You know what they say, right? “The more things change, the more they remain the same.” Apple was doomed back in the early 1980s, then doomed again in the 1990s, and Apple in the 21st century certainly must be doomed. Again.
What’s the problem? Apple has yet to learn the lessons of history. Or, that’s how the meme goes. The Mac is 35 years old. Older than the Mac is Apple’s first point and click personal computer. Lisa. What did you get for $5 less than $10,000? What did Apple learn from the Lisa?
Richard Speed wants us to believe that Apple hardware is priced so high that no one wants to buy it. How so?
It’s 1983 All Over Again
Looks to me as if Richard was in elementary school in 1983 so it’s unlikely he has experience with an Apple Lisa.
Featuring exotic hardware (including a mighty megabyte of RAM, considerably more than the 128 kilobytes of the IBM XT which would put in an appearance less than two months later) the Lisa was an exercise in seeing how much money Apple could squeeze out of the faithful.
I’m rather certain that Sir Richard read that on Wikipedia. Just remember that Apple didn’t have too many faithful back in the day. I was there. I know. Today’s Apple customer base is well north of 1-billion. Back then it was perhaps a few million.
Why was Lisa priced at $10,000? Someone at Apple was crazy and the device didn’t sell too well despite bristling with next generation hardware and software.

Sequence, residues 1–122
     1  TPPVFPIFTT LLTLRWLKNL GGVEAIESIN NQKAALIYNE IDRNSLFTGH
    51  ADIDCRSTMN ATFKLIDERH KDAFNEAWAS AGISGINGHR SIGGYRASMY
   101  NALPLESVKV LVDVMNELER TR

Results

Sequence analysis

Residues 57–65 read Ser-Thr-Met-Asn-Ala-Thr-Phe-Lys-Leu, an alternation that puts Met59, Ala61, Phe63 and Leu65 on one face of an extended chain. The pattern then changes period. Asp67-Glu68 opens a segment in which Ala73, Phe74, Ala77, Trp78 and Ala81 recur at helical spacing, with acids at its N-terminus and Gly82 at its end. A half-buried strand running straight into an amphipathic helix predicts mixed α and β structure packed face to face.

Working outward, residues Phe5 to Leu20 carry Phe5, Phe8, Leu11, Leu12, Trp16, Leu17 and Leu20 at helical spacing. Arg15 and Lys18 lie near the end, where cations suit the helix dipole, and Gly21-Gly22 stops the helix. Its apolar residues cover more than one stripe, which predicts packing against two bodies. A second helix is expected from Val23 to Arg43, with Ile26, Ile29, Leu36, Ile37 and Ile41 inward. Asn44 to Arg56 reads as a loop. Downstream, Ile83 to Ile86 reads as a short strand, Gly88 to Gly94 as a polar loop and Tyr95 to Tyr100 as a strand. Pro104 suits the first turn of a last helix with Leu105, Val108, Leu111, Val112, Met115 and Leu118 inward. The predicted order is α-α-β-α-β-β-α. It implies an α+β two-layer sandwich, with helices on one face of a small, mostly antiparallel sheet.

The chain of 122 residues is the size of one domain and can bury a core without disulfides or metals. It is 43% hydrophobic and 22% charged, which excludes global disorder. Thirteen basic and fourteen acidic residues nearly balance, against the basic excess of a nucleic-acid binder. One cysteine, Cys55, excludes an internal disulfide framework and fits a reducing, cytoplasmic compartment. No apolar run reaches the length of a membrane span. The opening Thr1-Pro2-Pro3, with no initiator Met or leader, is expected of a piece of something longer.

Today’s Apple continues to push its prices ever higher, the company might want to look at its own past as well as the present for the consequences.
Yeah, Apple might. But why? Even the lowly iPhone 7– Apple’s lowest priced iPhone at $449– is more than 1/20th the price tag of a Lisa from 1983, and far more powerful. Maybe Apple is on to something here. More power, less money.
Sure, you can think Apple is raising prices, but it looks to me that a perspective modification is in order.
A $9,995 Lisa in 1983 would cost more than $25,000 in 2019 dollars. Apple packs more power and more capability into an iPhone 7 for $449. What about the Mac? It launched in 1983 with a price tag of $2,495, but in 2019 dollars that would buy you an iMac Pro. More powerful, less money.
I think Apple is onto something with this more power and less money strategy.
The original iPad was $499. That’s $560 today, yet a much improved iPad with Touch ID and onscreen Pencil support is only $329. The original iPhone debuted at $599 in 2007. Today, that’s worth almost $750 which is about the same price as a new iPhone XR. Which would you prefer to own and use?
Yeah, I get it. The Register is a snarky digital rag that bites the hand that feeds IT. It’s just too bad nobody across the pond can figure out how much Apple has done for the technology industry since 1983.